Fire Technology

, Volume 54, Issue 5, pp 1405–1442 | Cite as

Wind and Fire Coupled Modelling—Part I: Literature Review

  • Wojciech WęgrzyńskiEmail author
  • Tomasz Lipecki
Review Paper
Part of the following topical collections:
  1. Fire Science Reviews


Wind and fire phenomena can together be a devastating force, whether in the case of a building fire, release of smoke in an urban area or forest fire near an urban habitat. Most of the fire phenomena are influenced by the wind, usually for the worse. If we want to understand fires, we have to understand wind as well, and model it appropriately. This modelling is described by the discipline of Computational Wind Engineering, from which we are able to transfer invaluable knowledge to coupled wind-fire analyses. This two-part review is dedicated to such a transfer. In Part I, the authors describe the historical and most current instances of wind and fire coupled modelling, referred to as simple models, in situ measurements, wind tunnel experiments or numerical studies with CFD. The review is subdivided into six categories, namely flame behaviour in wind conditions, indoor flows, natural smoke ventilators, tunnel ventilation, wildfires and firebrand transport, and urban dispersion of smoke. Besides flame behaviour, all remaining topics are covered, to the best of the authors’ knowledge, with multiple references to valuable experimental and numerical studies. In Part II of the review, the authors describe the best practices of Computational Wind Engineering, that may be transferred to fire-oriented numerical studies. This part provides good practice guidelines, reference studies and a proposal for the optimisation of the simulation procedure for coupled wind and fire models.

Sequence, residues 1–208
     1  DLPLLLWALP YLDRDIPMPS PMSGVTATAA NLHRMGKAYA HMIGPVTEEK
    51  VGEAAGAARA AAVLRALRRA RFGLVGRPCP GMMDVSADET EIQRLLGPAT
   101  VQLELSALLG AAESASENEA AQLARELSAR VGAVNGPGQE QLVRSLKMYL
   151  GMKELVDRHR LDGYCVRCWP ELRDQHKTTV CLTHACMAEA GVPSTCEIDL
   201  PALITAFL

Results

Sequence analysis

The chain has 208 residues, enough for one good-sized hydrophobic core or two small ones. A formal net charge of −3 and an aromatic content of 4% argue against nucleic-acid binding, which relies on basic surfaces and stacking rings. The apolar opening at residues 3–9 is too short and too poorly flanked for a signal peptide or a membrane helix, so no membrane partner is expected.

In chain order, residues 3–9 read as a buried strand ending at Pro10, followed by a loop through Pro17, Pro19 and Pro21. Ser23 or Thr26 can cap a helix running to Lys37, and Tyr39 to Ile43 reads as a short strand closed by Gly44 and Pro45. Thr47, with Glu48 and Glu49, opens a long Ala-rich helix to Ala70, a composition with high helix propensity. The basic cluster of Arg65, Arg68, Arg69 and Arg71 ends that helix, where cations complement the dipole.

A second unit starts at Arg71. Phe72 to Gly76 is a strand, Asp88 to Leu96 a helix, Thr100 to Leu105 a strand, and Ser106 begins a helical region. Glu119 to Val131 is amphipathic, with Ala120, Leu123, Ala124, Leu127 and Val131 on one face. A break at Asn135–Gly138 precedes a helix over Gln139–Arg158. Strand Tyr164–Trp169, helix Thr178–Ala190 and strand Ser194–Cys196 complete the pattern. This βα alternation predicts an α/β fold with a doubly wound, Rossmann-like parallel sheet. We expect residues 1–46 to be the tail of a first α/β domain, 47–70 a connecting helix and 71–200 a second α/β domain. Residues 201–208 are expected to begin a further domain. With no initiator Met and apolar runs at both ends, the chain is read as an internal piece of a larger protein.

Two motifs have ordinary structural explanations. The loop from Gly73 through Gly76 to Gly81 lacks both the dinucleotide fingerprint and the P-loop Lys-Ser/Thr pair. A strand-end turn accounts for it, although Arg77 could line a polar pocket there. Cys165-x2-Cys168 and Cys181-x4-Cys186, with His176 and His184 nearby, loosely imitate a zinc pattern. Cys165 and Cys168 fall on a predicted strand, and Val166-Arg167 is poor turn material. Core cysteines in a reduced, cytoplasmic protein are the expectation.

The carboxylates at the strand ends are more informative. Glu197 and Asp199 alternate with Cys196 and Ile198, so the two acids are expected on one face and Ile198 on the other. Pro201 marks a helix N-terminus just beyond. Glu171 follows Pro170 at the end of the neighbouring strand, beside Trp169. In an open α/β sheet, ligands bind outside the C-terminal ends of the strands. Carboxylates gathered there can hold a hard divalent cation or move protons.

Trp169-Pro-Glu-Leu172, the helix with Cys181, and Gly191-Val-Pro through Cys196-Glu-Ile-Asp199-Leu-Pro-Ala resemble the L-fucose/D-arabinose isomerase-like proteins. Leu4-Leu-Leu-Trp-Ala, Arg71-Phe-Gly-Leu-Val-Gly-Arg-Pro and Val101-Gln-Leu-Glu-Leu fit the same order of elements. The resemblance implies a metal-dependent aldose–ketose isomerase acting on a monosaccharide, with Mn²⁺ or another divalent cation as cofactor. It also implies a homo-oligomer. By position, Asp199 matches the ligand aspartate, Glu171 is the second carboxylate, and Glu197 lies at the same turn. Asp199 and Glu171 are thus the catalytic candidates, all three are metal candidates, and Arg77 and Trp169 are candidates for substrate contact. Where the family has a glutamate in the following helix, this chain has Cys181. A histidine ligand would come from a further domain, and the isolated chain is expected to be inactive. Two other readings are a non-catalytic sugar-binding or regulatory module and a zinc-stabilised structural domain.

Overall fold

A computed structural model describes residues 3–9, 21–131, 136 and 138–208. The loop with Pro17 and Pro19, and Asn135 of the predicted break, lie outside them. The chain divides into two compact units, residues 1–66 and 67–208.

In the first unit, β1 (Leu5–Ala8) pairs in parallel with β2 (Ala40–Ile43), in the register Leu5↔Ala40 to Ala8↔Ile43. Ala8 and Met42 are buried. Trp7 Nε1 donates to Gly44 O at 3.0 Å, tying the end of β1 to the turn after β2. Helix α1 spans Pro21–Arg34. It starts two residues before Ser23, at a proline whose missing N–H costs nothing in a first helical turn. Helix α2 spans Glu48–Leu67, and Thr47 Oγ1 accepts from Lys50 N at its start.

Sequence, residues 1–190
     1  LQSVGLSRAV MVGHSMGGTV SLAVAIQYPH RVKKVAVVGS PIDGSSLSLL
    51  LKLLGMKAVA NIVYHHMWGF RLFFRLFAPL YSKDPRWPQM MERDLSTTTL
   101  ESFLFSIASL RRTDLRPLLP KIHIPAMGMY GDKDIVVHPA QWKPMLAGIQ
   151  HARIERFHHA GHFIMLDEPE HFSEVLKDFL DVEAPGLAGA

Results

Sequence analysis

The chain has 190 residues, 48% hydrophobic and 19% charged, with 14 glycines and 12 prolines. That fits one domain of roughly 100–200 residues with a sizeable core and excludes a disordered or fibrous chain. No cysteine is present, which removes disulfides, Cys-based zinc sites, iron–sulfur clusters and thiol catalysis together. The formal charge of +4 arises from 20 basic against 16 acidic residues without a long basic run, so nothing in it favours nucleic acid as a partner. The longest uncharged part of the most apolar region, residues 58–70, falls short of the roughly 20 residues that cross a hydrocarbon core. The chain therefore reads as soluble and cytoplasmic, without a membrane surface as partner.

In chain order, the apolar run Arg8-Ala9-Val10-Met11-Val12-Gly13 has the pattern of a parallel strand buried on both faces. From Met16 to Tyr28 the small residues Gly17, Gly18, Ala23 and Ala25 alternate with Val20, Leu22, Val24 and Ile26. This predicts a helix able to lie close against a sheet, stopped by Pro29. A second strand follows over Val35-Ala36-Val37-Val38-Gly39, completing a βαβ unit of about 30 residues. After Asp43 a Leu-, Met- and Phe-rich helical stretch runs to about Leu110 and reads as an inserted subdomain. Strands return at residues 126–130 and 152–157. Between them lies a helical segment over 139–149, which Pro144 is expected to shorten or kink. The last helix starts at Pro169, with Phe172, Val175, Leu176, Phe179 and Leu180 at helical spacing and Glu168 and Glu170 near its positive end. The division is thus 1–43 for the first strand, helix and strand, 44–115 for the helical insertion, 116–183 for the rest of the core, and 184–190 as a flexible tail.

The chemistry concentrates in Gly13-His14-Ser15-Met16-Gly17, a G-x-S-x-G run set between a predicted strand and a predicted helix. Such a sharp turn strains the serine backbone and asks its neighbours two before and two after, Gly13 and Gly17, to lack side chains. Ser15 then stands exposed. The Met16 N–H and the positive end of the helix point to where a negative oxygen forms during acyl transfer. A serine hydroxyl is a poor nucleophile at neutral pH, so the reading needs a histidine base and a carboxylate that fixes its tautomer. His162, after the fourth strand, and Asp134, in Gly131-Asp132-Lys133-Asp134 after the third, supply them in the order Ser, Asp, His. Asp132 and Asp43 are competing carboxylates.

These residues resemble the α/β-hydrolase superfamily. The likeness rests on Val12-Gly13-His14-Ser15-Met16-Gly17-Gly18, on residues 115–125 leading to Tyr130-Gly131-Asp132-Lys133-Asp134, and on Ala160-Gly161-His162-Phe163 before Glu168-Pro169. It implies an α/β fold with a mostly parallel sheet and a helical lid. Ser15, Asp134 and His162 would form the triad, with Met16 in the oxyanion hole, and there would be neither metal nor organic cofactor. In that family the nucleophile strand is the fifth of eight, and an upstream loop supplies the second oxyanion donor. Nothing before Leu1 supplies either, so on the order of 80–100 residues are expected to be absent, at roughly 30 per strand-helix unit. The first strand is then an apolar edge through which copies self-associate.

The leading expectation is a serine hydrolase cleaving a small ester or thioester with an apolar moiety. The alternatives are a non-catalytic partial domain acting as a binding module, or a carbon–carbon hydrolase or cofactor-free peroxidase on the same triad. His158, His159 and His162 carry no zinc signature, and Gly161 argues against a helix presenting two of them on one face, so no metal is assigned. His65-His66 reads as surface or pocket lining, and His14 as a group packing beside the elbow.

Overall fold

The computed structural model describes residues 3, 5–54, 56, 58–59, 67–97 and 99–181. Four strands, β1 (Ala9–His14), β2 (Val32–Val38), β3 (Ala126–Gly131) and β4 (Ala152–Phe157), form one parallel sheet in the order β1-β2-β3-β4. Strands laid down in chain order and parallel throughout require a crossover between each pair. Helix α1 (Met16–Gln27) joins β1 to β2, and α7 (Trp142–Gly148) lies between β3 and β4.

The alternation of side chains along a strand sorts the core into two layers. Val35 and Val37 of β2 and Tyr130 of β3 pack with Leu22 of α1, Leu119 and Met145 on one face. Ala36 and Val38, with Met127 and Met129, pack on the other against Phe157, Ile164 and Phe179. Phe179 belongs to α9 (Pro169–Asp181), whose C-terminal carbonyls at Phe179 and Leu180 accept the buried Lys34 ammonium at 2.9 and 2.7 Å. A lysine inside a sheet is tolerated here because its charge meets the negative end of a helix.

Wind Fire Computational wind engineering Fire safety engineering Computational fluid dynamics 



Atmospheric boundary layer


Computational fluid dynamics


Computational wind engineering


Fire dynamics simulator


Fire safety engineering


Large eddy simulation


National Institute of Standards and Technology


Natural smoke and heat exhaust ventilation


Reynolds-averaged Navier–Stokes


Wildland urban interface



The authors would like to express their gratitude to Michael J. Gollner and Ali Tohidi (University of Maryland) for their support in the preparation of the wildfire section of the paper, as well as to anonymous reviewers who provided very valuable insight for the paper.


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© Springer Science+Business Media, LLC, part of Springer Nature 2018

Authors and Affiliations

  1. 1.Fire Research DepartmentBuilding Research Institute (ITB)WarsawPoland
  2. 2.Faculty of Civil Engineering and ArchitectureLublin University of TechnologyLublinPoland

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